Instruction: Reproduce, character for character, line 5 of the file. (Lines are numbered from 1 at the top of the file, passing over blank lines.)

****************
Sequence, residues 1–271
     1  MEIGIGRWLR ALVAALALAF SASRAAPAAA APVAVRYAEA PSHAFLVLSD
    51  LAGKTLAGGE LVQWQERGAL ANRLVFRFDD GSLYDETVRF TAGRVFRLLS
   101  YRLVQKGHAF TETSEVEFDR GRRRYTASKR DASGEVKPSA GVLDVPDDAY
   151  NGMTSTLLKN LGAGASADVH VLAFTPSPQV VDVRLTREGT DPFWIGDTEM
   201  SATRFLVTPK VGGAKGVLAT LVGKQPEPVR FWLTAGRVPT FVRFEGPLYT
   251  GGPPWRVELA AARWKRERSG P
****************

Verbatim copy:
   151  NGMTSTLLKN LGAGASADVH VLAFTPSPQV VDVRLTREGT DPFWIGDTEM